A federal judge is sticking by his decision, determining today that a state law that would have made last-minute voting easier for residents of places including Chicago, Aurora, Bloomington and Rockford is unconstitutional.
The law says voters can register or change their address on election day at all polling places if you happen to live in one of the most populous counties in Illinois. Most counties were left out, they only have to offer election-day registration at one central location.
The judge previously ruled that the law restricts rural voters' rights. The state's Democratic Attorney General asked him to change his mind, but he's declined. Meaning, the law won't be in place Nov. 8.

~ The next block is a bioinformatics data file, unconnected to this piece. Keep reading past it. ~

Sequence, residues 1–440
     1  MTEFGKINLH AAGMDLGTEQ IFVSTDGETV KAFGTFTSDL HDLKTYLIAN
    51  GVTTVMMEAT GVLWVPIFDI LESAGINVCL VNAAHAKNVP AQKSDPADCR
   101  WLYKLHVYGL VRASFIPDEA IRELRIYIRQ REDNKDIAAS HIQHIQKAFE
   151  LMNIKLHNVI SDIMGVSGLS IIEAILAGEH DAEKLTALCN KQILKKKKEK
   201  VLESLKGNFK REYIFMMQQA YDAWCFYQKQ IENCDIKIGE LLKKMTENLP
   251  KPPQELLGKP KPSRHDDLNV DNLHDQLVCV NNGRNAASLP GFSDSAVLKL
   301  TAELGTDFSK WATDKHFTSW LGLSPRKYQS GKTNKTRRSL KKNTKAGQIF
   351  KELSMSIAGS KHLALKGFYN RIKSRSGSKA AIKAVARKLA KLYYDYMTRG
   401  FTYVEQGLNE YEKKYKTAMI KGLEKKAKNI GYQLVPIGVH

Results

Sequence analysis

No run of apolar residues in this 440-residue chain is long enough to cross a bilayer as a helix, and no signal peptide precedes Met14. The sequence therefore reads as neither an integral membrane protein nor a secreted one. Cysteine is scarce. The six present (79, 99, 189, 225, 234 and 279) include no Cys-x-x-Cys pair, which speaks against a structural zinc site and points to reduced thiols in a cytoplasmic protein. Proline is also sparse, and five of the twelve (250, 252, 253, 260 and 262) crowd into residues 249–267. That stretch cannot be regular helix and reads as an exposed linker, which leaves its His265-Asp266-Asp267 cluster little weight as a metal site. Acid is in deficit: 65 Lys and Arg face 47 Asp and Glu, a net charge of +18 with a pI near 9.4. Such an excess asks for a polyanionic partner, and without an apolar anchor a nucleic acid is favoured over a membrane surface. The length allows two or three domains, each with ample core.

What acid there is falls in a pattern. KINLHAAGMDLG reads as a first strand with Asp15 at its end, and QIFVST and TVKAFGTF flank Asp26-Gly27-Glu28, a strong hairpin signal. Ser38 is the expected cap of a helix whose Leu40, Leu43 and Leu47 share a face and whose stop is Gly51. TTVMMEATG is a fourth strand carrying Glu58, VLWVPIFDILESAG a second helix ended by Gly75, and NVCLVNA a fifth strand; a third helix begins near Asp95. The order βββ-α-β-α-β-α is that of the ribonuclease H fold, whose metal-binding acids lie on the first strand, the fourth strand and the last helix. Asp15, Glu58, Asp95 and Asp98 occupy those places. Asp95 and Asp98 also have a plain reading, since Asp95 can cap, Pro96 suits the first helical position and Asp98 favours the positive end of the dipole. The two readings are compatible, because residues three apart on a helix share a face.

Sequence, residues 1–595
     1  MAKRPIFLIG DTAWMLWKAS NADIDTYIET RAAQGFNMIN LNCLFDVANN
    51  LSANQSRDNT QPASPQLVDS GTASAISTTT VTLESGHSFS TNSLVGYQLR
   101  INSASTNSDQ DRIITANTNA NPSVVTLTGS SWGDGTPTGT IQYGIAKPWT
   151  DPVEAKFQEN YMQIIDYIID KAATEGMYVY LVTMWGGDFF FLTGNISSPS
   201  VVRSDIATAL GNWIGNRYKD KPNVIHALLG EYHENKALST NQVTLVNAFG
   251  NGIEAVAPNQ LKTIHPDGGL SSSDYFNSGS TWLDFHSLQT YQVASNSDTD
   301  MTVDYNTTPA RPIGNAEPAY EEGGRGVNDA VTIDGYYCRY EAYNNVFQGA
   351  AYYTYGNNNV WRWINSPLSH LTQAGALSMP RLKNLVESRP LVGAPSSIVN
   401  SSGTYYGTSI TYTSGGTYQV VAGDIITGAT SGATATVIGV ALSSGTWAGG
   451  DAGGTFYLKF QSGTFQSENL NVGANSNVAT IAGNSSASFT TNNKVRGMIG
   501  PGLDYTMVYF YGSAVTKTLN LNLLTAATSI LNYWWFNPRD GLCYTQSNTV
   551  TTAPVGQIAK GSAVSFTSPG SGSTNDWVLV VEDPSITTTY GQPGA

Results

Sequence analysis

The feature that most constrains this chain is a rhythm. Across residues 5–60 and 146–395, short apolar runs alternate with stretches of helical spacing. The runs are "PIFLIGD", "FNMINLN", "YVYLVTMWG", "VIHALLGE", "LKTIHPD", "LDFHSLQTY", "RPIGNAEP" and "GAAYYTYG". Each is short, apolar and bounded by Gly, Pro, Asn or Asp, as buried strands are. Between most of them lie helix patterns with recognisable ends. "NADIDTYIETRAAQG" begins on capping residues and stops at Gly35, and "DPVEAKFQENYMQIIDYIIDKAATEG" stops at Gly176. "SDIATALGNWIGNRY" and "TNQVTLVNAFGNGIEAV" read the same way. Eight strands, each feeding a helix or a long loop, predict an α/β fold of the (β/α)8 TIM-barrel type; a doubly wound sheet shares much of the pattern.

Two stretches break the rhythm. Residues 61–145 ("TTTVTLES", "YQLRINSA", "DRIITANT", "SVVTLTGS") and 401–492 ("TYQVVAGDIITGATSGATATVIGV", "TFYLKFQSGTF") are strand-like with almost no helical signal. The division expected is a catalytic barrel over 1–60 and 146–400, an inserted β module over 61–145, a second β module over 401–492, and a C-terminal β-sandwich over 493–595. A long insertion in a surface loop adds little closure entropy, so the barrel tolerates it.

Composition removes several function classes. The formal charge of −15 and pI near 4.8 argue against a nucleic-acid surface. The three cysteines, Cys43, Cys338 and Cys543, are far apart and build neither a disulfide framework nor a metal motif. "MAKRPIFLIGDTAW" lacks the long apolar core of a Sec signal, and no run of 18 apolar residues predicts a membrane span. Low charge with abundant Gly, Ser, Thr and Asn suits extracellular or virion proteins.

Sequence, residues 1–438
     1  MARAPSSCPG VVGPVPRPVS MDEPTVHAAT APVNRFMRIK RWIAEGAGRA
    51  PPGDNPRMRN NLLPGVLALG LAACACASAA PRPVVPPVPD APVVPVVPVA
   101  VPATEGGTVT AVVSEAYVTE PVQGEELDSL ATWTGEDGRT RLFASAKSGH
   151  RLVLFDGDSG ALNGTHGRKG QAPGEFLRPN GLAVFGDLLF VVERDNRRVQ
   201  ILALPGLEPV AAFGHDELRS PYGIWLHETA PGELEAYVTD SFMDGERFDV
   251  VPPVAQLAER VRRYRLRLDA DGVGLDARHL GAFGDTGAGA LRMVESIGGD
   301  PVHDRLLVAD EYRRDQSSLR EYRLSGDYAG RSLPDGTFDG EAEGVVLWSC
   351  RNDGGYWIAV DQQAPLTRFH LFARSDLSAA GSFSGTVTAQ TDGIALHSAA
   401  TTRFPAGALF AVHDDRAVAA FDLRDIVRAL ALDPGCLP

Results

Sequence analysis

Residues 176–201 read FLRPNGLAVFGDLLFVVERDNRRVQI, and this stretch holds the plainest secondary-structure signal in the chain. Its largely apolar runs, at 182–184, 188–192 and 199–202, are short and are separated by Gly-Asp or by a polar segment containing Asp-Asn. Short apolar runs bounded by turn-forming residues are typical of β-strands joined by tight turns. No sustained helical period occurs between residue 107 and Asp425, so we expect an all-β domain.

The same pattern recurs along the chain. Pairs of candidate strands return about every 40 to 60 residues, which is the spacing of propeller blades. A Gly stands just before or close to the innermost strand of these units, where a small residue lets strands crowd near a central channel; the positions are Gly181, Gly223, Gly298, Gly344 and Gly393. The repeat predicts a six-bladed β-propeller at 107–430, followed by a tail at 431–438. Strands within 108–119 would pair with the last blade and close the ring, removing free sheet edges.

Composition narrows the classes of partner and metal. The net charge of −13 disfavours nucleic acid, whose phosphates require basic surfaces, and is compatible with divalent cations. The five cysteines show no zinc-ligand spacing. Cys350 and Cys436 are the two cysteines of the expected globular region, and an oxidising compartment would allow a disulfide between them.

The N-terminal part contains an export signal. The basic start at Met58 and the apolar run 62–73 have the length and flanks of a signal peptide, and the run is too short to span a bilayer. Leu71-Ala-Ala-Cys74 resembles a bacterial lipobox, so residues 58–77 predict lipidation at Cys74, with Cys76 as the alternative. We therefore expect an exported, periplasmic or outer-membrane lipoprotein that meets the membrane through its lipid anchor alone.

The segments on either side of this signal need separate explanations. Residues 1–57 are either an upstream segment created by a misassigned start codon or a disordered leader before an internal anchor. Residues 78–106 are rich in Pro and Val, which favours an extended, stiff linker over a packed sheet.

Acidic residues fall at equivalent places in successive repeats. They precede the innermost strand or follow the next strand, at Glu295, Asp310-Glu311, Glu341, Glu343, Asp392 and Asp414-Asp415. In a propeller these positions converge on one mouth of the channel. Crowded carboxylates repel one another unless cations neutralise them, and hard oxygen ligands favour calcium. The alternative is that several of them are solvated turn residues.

Where does that leave things for voters? Jim Tenuto is with the Illinois State Board of Elections:
"People can still register on election day. But they just can't' do it on the precinct. What they'd have to do is contact their election authority and see what locations are available."
He says that's usually the county clerk's office. The court case challenging the law was filed by a conservative group; Republicans say the law was designed to help Democrats, who tend to have more supporters in cities.